“The refusal to hate is the most powerful weapon in the arsenal of human experience”
I had been told that there is a group of fifth grade girls at the Jerusalem School that gathers most days during the lunch break to do peace-related things: they draw pictures, put on dramas, recite poems, write and perform songs, and have lively discussions about whether or not they themselves are peace heroes – like the ones they are studying. Apparently this little get-together has been going on for some time, and this week I was invited to join them during lunch to see what it is all about. Continue reading “Brave Is”
“True change begins with the strong, beautiful, broken individuals in a nation”
These days it is easy to fall prey to a growing sense of despair – I’m almost afraid to read the news, afraid to hear of the latest development, be it locally or abroad, that is guaranteed to increase the rift between peoples, obscuring the inviolability of our shared humanity. While I was feeling increasingly helpless and hopeless, it was the students participating in our pilot program who reminded me that despair is, in itself, a kind of illusion – a willed forgetfulness. For isn’t it fundamentally true that so long as there is even one person working to heal the wounds of his or her fellow human beings, there is still hope – a light shining in the darkness, robbing the darkness of its killing power? Continue reading “Where There is Hope”
To be included –to belong–to be part of–to share life with– these are the experiences that will leave their indelible mark on the students. So it is no small thing to stop and ask ourselves: What kind of communities are we building in our schools?
The other day I tried to remember what I learned in 3rd grade, and I couldn’t think of a single thing. What I did remember, however, was how my friends and I formed a little “pack” (we called it) and did everything together – in school and out – so that I never felt friendless or alone; I remembered how my teacher would give each of us a big bear hug each morning, squeezing the living daylights out of us in an embrace we wouldn’t have exchanged for anything in the world; and I remembered how another teacher cried when the class was so out of control, we missed the siren that commemorated victims of the Holocaust (and how, for the first time, I felt the full impact of what it means to bear communal responsibility for less-than-ideal behavior). If I were to take time to think through 4th, 5th, and 6th grade, I suspect the pattern would be the same: I would remember random events involving friends, students, and teachers; I would remember that I generally enjoyed the whole experience; but I wouldn’t remember anything at all about what I learned in Math, Language Arts, or PE.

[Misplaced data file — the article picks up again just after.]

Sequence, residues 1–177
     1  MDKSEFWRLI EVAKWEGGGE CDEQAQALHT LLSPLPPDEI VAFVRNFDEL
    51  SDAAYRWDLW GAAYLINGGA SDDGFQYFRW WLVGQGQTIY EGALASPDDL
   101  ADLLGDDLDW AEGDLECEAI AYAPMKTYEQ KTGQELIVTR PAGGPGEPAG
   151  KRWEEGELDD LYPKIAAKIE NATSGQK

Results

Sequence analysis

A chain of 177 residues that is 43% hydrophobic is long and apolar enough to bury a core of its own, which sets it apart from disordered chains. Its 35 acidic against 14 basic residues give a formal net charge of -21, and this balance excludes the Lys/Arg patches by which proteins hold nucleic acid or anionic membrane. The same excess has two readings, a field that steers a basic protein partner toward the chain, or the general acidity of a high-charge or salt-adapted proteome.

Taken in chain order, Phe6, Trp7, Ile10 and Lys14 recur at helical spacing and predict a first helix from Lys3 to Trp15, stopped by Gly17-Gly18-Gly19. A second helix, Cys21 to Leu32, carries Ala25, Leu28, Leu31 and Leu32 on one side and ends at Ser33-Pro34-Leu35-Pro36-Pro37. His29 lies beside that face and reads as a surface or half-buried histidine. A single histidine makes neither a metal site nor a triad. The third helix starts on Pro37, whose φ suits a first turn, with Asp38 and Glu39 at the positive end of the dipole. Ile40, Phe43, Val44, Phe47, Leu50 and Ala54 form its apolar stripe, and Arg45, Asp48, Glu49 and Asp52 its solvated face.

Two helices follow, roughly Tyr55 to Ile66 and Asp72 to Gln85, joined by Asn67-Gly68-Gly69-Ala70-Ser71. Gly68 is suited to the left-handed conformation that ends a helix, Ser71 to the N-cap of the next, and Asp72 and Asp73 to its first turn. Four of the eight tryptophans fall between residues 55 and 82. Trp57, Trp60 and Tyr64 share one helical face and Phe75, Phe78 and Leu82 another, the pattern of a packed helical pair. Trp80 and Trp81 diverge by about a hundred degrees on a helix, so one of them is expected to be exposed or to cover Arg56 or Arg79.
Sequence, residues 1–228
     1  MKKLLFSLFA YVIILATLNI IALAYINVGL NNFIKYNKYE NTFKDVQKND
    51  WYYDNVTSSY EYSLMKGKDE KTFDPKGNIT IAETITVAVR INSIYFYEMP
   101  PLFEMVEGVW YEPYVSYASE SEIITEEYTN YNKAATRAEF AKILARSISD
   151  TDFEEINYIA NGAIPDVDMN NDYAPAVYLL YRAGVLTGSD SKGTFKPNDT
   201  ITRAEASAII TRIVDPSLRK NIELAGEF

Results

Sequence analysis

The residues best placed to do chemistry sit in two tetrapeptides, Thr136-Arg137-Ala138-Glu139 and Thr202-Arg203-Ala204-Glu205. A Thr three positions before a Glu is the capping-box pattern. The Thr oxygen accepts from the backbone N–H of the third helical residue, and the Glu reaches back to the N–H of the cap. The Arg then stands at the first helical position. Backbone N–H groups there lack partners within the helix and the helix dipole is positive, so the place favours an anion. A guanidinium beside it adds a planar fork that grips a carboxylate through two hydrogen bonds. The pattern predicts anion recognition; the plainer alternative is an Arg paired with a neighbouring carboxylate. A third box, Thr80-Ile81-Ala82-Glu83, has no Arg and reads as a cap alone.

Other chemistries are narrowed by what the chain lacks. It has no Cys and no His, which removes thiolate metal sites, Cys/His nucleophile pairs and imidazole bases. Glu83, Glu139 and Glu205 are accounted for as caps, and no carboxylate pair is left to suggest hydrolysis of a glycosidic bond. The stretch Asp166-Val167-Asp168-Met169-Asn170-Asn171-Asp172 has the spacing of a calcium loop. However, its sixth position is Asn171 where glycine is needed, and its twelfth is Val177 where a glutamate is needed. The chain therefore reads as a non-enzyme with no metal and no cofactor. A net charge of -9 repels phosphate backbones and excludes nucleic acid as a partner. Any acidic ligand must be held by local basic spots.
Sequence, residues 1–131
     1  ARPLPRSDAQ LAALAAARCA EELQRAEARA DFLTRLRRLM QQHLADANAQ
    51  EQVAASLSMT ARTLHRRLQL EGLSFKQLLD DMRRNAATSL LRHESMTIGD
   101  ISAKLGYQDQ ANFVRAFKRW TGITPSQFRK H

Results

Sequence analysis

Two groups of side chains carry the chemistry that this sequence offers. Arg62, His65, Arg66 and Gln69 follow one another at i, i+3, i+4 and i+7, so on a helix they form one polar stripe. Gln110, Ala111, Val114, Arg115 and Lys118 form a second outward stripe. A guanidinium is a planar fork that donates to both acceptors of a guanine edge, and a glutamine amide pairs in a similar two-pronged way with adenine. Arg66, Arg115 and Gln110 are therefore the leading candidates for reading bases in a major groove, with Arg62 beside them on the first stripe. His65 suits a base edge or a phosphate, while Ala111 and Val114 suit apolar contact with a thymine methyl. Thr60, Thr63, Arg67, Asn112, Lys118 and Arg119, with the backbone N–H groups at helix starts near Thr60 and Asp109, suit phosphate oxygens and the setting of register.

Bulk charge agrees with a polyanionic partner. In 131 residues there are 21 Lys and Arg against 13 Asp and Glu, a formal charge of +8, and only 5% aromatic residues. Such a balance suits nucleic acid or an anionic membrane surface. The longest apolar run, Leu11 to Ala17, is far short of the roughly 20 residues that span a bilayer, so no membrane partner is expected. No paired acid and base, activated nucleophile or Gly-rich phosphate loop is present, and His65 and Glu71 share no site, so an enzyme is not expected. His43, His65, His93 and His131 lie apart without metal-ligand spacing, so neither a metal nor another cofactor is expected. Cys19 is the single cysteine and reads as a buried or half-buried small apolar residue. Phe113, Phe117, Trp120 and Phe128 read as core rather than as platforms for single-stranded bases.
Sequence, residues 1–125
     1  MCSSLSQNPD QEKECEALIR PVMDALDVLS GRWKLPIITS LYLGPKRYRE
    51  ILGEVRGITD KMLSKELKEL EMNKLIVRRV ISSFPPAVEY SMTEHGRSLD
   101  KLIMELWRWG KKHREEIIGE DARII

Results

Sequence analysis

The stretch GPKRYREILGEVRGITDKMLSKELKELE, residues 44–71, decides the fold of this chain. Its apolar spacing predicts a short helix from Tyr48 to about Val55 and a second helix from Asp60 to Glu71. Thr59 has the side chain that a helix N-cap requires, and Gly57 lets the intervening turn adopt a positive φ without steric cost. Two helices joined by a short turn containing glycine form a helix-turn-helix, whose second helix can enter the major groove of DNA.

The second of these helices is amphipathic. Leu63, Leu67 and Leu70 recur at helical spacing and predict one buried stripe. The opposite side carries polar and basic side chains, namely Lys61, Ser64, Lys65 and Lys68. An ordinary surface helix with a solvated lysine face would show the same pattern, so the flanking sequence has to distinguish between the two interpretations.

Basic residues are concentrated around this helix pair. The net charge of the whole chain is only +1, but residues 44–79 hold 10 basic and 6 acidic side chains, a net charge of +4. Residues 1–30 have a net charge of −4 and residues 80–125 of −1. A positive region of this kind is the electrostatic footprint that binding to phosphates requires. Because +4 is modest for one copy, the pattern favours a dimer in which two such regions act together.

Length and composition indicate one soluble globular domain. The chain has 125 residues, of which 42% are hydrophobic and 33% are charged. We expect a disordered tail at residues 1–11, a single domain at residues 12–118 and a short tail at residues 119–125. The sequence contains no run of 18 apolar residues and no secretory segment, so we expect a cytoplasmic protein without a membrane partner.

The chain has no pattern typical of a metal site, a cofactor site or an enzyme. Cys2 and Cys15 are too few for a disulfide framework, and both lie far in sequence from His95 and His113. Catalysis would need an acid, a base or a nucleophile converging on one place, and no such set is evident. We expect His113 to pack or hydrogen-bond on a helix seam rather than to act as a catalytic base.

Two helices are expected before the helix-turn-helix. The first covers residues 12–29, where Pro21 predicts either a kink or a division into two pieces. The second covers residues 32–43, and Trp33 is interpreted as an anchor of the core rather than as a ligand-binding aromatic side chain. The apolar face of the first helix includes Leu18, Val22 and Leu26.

I think that, as kids, we are much more shaped by the social environment at our school than by any information we learn in class. Continue reading “Communities of Inclusivity”
“It soon becomes clear that no one particular type of person or characteristic is needed to be a hero for peace – any one of us can make a difference in the world”
It is my great privilege to hand this post to Mel and Joccoa, mother and daughter who have been using the Peace Heroes Curriculum in their homeschooling program for over a year now (feel free to read this blog post for more about their very creative ideas). It begins with Joccoa’s lovely poem, featured artistically in her picture above, followed by some of her thoughts, and ends with some reflections from Mel.
Continue reading “Guest Post: Joccoa and Mel on a Year With the Peace Heroes”
To re-imagine a country’s flag is an incredibly poignant exercise – it brings the story behind the history to life in a visual and visceral way
To say that this is the first year the Curriculum is being piloted outside of Jerusalem School is not exactly true. In actual fact, the Curriculum began its venture into the wide world a little over a year ago, when Mel and Joccoa decided to add it to their homeschooling program, as an experiment. Mel is a trained teacher from Australia who now lives in Kenya; Joccoa is Mel’s daughter and has just begun her adventures in sixth grade. Peace Heroes was only supposed to be a short-lived addition to Joccoa’s homeschool program in fifth grade, but Mel soon realized that she would have to find a way to teach it for the duration of the year when Joccoa decided it was one of her favorite subjects. By the time Joccoa finishes sixth grade, she will have covered an extensive number of heroes!
What makes Mel and Joccoa’s experience with the Curriculum so unique is the incredibly creative way they have chosen to engage with it, Continue reading “Flagging History”